- The Houston Texans need to strongly consider firing head coach David Culley after one season
- The Texans are 2-10 and have been outscored 323-164 amid another woeful campaign
- Recent history hasn’t been kind to head coaches fired after a single season
The Houston Texans knew they were in for a rough ride when it became clear Deshaun Watson wouldn’t play a down for them in 2021. However, the lack of their Pro Bowl quarterback shouldn’t be an excuse for what we witnessed over the season’s first three months.
Houston dropped to 2-10 after a 31-0 loss at home to Jonathan Taylor and the Indianapolis Colts on Sunday, Dec. 5. The woeful Texans are already guaranteed to finish with a losing record for the second straight year, which shouldn’t surprise anyone who has been forced to sit through their games. Or worse, anyone who has willingly watched their games.
Changes need to happen in Houston, and unfortunately for rookie head coach David Culley, he may get the dreaded pink slip sooner rather than later.
The Houston Texans need to strongly consider firing David Culley after one season
When the 2020 NFL season ended, the Texans interviewed 10 candidates, including former Detroit Lions head coach Jim Caldwell and Kansas City Chiefs offensive coordinator Eric Bieniemy. The team settled on Culley, who, although he’d been coaching since 1978, had never been a head coach at any level.
If Houston cuts Culley loose following the season, Bieniemy and Caldwell should expect to hear their phone rings again. With respect to Culley and the challenging situation he inherited, his seat is rapidly warming up as Black Monday and the end of the NFL’s 102nd season nears.
Opponents have outscored the Texans 323-164 this season. Houston has won only one game at home: a 37-21 victory over Trevor Lawrence and the Jacksonville Jaguars in Week 1. Since then, the Texans have lost by 40, 28, 26, and 31 points.
Despite all of that, the Texans somehow beat the AFC South-leading Tennessee Titans on the road in Week 11. However, that shouldn’t be enough to save Culley’s job, especially when the overall organization needs a reboot. There is no shame in the Texans moving on from Culley and Watson and hiring an experienced head coach, whether it’s Caldwell or Doug Pederson, to lead the rebuild.
Recent history hasn’t been kind to NFL coaches fired after a single season
Since the NFL expanded to 32 teams in 2002, 10 head coaches have been fired after a single season. That list does not include former Atlanta Falcons head coach Bobby Petrino, who resigned late in the 2007 campaign to take the same position at the University of Arkansas.
As of December 2021, only two of those 10 — Hue Jackson and Mike Mularkey — earned second chances at being a head coach. The then-Oakland Raiders dismissed Jackson after an 8-8 showing in 2011, in part because of an organizational restructure following the death of owner Al Davis. The Jaguars fired Mularkey, the Buffalo Bills’ former head coach, following his 2-14 performance in 2012.
Jackson spent the next few years as an offensive coordinator until the Cleveland Browns hired him following the 2015 season. Although he began his new opportunity by going 1-15, the Browns didn’t fire him. Actually, they even kept him following an 0-16 season in 2017.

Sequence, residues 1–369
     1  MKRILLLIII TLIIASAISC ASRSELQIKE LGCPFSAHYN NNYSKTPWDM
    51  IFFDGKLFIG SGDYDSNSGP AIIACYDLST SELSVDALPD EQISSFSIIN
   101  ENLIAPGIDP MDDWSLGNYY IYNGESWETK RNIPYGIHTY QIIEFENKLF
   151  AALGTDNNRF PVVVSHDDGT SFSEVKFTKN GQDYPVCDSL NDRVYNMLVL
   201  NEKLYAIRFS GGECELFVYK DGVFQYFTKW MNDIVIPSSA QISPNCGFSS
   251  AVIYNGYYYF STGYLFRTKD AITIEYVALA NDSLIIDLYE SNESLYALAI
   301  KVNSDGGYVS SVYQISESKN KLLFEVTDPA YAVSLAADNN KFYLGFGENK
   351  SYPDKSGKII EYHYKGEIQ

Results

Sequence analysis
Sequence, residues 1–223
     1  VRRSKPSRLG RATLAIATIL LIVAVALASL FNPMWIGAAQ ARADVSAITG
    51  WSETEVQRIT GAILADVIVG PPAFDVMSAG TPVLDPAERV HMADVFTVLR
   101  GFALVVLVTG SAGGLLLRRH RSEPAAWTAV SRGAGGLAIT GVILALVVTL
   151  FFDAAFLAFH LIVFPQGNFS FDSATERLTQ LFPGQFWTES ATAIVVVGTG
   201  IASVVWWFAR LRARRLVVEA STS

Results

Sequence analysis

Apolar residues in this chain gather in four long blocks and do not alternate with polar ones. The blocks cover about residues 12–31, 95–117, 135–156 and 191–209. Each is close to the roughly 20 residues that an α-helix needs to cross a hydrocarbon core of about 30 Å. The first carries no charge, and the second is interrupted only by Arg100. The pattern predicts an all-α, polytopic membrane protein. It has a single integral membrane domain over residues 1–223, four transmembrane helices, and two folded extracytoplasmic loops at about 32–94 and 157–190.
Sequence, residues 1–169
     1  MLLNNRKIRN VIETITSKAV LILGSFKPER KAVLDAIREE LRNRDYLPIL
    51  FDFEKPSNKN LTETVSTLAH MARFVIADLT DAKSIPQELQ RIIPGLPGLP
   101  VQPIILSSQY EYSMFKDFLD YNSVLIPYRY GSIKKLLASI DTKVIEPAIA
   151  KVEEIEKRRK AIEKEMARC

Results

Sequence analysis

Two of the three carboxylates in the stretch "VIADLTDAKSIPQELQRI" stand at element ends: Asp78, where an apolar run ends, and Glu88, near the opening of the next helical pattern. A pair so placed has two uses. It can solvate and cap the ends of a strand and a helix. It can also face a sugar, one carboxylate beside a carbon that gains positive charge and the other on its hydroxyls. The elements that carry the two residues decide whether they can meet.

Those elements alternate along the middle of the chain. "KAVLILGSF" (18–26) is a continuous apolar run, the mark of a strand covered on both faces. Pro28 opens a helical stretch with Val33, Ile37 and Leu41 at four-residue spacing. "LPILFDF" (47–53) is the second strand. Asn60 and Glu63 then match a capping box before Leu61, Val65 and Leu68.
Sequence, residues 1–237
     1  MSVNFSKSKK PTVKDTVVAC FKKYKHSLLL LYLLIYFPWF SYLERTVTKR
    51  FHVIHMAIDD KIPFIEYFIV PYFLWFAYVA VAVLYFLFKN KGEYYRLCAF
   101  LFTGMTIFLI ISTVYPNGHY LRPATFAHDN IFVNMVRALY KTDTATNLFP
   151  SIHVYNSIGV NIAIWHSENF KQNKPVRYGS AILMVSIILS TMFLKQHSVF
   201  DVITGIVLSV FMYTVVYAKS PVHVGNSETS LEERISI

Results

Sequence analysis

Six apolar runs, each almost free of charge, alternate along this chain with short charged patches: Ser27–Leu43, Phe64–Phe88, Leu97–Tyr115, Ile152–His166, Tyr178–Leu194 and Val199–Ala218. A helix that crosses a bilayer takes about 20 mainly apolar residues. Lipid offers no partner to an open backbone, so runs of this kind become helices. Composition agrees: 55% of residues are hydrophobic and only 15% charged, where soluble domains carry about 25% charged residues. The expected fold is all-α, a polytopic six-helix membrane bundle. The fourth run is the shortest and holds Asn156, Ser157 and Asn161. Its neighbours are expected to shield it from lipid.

Cleveland finally ended the experiment and fired Jackson in October 2018. Freddie Kitchens, who became the Browns’ full-time head coach in 2019, also only lasted a single season.
As for Mularkey, he became the Titans’ interim head coach in 2015 and later earned the full-time job. He finished 20-21 (1-1 in the postseason) with the Titans and agreed to part ways with the organization after losing in the 2017 AFC Divisional Round.
As for the others, Cam Cameron (2007 Miami Dolphins), Rob Chudzinski (2013 Browns), and Steve Wilks (2018 Arizona Cardinals) each returned to being coordinators after being fired. Wilks, who served as Kitchens’ defensive coordinator in 2019, now holds that role at the University of Missouri. Jim Tomsula (2015 49ers) worked as a defensive line coach from 2017-20.
Art Shell did not coach again after the Raiders fired him following the 2006 season. Jim L. Mora (the 2009 Seattle Seahawks) and Chip Kelly (the 2016 San Francisco 49ers) each found salvation in college football. Mora went 46-30 at UCLA from 2012-17 and was recently hired as UConn’s next head coach.
Kelly, who went 46-7 as Oregon’s head coach from 2009-12, returned to college in 2018 and replaced Mora at UCLA. The veteran head coach is 18-25 and will face North Carolina State in the 2021 Holiday Bowl on Dec. 28.
Culley isn’t the only head coach possibly deserving of being one-and-done after this season
Seven NFL teams, including the Texans, hired head coaches this past cycle. As of publication, Culley is one of four who should be on the hot seat right now.
The good news for Dan Campbell is that his Detroit Lions won’t become the first 0-17 team in NFL history. Unfortunately for him, he’s struggled mightily in his first full season as a head coach. We’ll see how much the Lions’ Week 13 upset over the Minnesota Vikings will save him in the end.
Former San Francisco 49ers defensive coordinator Robert Saleh inherited the miserable New York Jets and quickly won fans over with his attitude and demeanor. However, the Jets are 3-9 and have the league’s worst defense. Jets linebacker C.J. Mosley’s recent comments about opponents not respecting the team and Philadelphia Eagles defensive lineman Fletcher Cox laughing at Saleh might not bode well for the rookie head coach.
As for Urban Meyer and the Jacksonville Jaguars … at this point, we’ll only know the college football legend is returning for the 2022 season when the Jaguars first take the field — possibly against Culley and the Texans — next September.